The bateeno with the buhwahva n. A vent in the earth’s crust with molten rock erupting from its fiery lair, pronounced by most of the country as “the volcano with the lava”. (You wouldn’t think this phrase would be used often enough in our home to make it to this list, but you’d be wrong).

Buhfrise n. surprise! an unexpected gift

Buhweeseman n. The local hero in the blue uniform who drives the white and black car and keeps us from driving too fast.

Show (rhymes with cow) Wash n. the most fascinating and terrifying location in the world where we cover our ears or scream at the top of our lungs while our car is being smacked around by giant soapy instruments of cleaning. We love/hate that place.

Uncle McDonald’s n. the place that gives us a toy to eat the most delicious french fries on the planet. We love/love that place.

Hanguber n. what Miss Sunday asks for at Uncle McDonald’s, but never eats.

Janamas (pronouced juh-nah-muhs) n. What Miss Sunday – and now all of us – wears to bed, also generally known as “pajamas”.

Captain America n. the bottled drink that Granddaddy shares with Gideon and Rebekah after work, perhaps better known as “Diet Pepsi” or “Diet 7 Up”. (long story…)

“This is my deal.” Miss Sunday’s explanation for everything, most likely in response to her Mama frequently asking (in exasperation) “What is your deal?!”

“Last morning” a phrase alluding to what took place yesterday or the day before. Or the week before, or two years ago. The only thing “last morning” is not is the present. (which can be confusing when Gideon wants to listen to the song he heard “last morning”…does he mean the one we listened to yesterday or the one we listened to on his birthday in 2008? We never know).

~ Other notes of interest ~ 

Rebekah has taken this “School of Incorrection” to a new level, inspiring us to use poor grammar, as well. She has been stringing sentences together for some time now and was just born with the gift of gab, but she makes this one mistake that I adore and therefore refuse to correct, ever: instead of using “her” or “his” or “our” as a possessive pronoun, she (and now all of us) says “she’s” or “he’s” or “we’s”.

As in “I wike she’s hat” or “He wants he’s mommy.” But my favorite is “Are we driving we’s car?” (Please, God, pleasssssee, let her talk like this just a little longer, but not so long that she is unable to function properly in society – I’ll leave that timing up to You. I completely trust You to fix she’s poor grammar).

Oh, and the “Captain America” thing started when my Dad’s Diet 7 Up bottles were promoting the superhero’s new movie this past year. “Are you drinking Captain America?” Rebekah asked with wonder. “Yep.” said my Dad. So now, the minute she walks in to my parent’s house, she immediately says “Hey, you got some Captain America?”

And one more thing. Its a good thing that Gideon somehow figured out that he was spelling our names backwards on his papers, because I was more than content to be “Amam” forever.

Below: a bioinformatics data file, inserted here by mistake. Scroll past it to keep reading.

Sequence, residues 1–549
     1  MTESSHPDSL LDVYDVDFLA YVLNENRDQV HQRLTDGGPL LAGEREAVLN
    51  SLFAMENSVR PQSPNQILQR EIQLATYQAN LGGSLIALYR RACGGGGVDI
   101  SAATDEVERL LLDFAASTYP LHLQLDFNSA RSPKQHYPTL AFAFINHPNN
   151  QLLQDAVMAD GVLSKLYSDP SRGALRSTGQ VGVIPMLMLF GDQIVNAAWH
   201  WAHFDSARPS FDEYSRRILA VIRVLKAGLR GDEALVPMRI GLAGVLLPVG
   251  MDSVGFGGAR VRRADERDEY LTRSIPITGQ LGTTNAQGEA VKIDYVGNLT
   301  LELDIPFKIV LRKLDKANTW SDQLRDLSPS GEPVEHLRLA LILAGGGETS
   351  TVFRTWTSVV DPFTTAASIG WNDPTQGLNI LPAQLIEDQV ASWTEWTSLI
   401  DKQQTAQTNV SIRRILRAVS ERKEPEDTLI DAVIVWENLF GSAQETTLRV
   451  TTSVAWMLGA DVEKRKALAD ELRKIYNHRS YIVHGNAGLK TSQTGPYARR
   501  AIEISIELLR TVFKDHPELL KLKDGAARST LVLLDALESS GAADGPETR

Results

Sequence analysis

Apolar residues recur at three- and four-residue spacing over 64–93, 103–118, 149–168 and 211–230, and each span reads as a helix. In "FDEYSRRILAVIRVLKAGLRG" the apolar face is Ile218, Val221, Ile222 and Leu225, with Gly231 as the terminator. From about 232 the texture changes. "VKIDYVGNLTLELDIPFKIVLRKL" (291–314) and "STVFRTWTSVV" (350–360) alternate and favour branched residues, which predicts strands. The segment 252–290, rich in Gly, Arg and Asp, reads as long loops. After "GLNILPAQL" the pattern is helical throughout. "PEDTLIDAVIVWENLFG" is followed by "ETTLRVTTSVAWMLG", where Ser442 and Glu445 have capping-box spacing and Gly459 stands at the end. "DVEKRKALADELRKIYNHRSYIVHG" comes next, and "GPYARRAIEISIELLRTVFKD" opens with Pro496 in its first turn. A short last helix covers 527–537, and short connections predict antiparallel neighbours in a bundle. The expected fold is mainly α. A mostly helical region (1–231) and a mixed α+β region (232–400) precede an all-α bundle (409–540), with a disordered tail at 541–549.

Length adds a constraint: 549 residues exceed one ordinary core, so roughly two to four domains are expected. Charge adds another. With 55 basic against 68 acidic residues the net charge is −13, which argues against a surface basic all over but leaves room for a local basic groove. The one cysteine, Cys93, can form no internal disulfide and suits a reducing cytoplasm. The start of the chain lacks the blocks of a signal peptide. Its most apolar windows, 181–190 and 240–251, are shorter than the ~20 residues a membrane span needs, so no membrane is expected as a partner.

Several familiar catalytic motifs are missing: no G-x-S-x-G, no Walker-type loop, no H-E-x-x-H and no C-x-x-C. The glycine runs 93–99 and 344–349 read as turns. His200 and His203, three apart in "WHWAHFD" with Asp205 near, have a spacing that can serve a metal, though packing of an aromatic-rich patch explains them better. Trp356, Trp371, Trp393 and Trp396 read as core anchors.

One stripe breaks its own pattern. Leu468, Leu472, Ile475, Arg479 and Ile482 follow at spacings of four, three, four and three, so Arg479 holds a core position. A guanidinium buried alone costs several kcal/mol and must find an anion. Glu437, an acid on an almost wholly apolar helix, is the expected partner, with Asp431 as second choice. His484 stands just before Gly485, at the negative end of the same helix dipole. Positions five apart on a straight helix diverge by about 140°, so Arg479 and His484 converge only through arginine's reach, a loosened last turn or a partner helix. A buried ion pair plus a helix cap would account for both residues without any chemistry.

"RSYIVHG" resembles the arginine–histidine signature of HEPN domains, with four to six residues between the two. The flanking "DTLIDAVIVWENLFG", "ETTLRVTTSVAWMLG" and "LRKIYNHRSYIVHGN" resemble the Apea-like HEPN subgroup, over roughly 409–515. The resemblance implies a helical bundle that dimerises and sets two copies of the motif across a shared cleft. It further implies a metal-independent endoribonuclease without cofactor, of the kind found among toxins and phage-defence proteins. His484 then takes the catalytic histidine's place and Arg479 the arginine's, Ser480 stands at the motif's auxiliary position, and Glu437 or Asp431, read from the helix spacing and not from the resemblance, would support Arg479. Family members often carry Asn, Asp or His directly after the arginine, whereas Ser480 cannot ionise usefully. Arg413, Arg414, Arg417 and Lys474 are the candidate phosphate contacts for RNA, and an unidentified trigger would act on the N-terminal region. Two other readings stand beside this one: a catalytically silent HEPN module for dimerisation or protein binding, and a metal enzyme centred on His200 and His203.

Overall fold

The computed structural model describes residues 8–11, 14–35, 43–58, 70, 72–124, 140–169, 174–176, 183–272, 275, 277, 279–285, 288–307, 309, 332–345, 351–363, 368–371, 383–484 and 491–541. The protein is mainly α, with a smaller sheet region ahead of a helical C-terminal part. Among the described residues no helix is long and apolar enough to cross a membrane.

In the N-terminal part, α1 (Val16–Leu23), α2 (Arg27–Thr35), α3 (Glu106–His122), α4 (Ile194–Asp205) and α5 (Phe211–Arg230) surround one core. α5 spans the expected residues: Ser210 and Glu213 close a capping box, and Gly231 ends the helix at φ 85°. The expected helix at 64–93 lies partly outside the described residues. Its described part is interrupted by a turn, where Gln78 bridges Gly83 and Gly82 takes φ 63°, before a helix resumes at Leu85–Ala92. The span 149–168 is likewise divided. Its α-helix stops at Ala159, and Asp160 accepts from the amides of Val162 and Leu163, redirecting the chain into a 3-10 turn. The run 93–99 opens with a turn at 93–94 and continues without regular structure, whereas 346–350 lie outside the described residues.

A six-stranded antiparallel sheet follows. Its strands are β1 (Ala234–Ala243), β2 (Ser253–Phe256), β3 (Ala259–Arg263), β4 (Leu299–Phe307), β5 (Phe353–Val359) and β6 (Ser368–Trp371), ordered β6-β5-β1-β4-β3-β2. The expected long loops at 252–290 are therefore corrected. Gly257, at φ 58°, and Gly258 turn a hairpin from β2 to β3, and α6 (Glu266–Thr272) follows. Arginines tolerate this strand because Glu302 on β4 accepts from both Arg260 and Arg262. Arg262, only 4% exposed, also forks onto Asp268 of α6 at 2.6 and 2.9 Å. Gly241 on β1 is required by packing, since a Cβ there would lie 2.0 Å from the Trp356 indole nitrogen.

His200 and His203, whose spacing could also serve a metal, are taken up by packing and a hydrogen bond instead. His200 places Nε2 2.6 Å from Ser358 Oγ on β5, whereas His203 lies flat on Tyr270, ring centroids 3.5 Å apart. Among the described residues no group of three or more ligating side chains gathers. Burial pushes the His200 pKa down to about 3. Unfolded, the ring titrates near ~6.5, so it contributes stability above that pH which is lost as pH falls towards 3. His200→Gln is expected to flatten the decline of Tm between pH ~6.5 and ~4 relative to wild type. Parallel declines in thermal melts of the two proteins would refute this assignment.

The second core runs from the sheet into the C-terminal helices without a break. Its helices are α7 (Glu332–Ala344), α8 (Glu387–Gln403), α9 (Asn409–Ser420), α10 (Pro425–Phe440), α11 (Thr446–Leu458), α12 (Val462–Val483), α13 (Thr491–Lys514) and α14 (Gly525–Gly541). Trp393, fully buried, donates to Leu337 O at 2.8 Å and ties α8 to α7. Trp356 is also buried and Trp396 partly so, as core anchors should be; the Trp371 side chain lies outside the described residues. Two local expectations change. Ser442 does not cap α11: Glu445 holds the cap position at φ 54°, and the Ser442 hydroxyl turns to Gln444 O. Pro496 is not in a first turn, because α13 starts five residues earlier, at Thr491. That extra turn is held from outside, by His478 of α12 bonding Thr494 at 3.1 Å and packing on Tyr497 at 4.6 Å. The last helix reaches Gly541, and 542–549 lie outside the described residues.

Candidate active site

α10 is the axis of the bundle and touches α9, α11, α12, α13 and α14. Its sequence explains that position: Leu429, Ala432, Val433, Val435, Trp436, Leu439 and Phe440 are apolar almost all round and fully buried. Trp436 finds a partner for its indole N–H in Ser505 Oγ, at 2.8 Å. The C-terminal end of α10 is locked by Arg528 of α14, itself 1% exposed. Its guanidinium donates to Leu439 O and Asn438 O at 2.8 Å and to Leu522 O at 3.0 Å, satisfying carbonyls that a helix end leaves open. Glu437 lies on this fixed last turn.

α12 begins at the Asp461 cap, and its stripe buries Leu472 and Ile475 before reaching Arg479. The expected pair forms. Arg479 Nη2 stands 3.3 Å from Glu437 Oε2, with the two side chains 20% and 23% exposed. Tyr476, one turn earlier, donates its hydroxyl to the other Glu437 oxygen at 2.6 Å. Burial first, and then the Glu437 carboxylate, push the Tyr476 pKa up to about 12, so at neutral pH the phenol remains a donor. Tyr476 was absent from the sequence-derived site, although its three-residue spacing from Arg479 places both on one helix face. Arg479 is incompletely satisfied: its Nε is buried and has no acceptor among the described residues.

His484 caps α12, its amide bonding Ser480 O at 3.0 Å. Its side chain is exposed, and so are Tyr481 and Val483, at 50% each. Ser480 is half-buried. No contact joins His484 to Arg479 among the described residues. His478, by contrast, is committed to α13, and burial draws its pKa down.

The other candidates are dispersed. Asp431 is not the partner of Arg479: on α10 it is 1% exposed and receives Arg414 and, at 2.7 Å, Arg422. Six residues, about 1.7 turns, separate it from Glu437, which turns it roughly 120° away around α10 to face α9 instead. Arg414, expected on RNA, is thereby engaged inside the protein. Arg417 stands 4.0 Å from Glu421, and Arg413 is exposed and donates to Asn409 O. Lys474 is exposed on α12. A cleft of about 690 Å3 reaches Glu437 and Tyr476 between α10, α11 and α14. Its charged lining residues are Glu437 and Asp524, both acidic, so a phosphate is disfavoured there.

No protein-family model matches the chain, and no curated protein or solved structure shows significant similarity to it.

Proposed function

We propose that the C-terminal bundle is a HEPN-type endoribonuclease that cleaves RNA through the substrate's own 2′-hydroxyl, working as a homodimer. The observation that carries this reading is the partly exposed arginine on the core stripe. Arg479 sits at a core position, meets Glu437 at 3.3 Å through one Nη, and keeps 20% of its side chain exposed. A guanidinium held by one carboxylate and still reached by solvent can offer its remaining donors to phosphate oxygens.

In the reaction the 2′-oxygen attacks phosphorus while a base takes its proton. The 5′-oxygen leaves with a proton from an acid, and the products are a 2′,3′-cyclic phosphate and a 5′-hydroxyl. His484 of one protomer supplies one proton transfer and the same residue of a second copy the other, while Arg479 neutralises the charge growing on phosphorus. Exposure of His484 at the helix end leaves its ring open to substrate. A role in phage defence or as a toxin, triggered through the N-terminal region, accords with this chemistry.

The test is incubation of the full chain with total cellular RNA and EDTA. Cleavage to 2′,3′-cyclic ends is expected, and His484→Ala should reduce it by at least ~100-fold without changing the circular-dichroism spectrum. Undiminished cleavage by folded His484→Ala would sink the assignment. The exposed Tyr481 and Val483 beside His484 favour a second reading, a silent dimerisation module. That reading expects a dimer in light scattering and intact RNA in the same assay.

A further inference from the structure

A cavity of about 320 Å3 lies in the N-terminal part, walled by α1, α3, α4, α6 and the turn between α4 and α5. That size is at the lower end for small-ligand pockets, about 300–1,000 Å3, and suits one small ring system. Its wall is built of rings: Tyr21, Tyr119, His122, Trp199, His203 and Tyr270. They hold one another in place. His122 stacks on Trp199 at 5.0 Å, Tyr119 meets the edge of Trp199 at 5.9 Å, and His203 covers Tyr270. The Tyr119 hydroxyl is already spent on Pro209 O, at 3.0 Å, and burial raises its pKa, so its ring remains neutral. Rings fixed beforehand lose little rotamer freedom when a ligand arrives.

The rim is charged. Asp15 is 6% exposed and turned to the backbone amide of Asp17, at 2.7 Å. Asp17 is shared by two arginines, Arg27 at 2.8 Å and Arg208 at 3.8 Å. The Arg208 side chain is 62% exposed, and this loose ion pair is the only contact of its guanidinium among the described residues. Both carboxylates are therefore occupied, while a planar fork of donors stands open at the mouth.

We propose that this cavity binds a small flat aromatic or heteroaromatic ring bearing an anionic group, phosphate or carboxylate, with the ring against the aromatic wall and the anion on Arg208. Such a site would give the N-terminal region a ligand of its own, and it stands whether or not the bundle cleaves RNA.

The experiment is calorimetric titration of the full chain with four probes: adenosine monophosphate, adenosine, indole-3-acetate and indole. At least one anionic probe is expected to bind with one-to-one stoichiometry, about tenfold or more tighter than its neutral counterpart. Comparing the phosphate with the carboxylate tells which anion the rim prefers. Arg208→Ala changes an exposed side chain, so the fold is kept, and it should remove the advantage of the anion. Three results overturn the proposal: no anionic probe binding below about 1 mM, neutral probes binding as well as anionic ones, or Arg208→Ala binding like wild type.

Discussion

Mr. Gore was, of course, “Apap”.

~

And now a test:

So did you hear about the little boy (still wearing he’s janamas, no less) who got lost last morning? He’s Amam and Apap called on the local buhweeseman to help find him. “What if he walked to the batino with the buhwava?!” they cried. But buhfries! They found him at the show wash. “This is my deal.” he explained. “I needed to go peep.” They celebrated by going to Uncle McDonald’s and having chips and hot sauchez and hangubers and little cups of Captain America. “Now let’s go back to we’s house.” Amam said. “Good idea.” said Apap. The end.

If you understood the above, you get an A+ from the Incompetent Schoolmarm of the School of Incorrection. Congratulations…and welcome to we’s world.

Mrs. Gore’s Hohumhomeschool

Gideon loves to make us proud…

Not really. He loves to make us look stupid.

I know this happens to a lot of parents – you witness your children do something spectacular, or you teach them a new song or a joke or, even better, a Bible verse – and the minute you go to show off their trick to another, they clam up, play dumb, and completely leave you hanging, muttering one of those pathetic parental statements like “He’s usually very cooperative…”

It has been this way for us from the very beginning.

I went over and over the ABC’s with my son, trying to make sure he learned them by the same age my niece Abigail had…which was very early. She knew the entire song “Oklahoma” before her 2nd birthday! But Gideon would never, and I mean, never, sing them back to me. Not even the first three letters! I quit trying, deciding we would pick up the ABCs during his first year of school, that there are some things not worth my stress. And that surely by the time he was 16, he would know his ABCs. Right? Surely. (By the way, that was the same reasoning I used to stop worrying so much about his pacifier…he won’t still have it when he is 16! Right? Surely.) But then one day I walked up the stairs, pretty much shocked to hear him singing the entire song, letter by letter, as he played in his room. The booger was holding out on me, all along.

One of my greatest sources of pride in my son is that he knows the great old hymn “Be Thou my Vision” by heart and cherishes it as his favorite. In fact, our entire church sang it along with him on his 3rd birthday and I just about died on the spot from the pure sweetness of it. I’ve let him practice singing it twice on the microphone at church, secretly entertaining the notion that I might someday let him “perform” it for the congregation…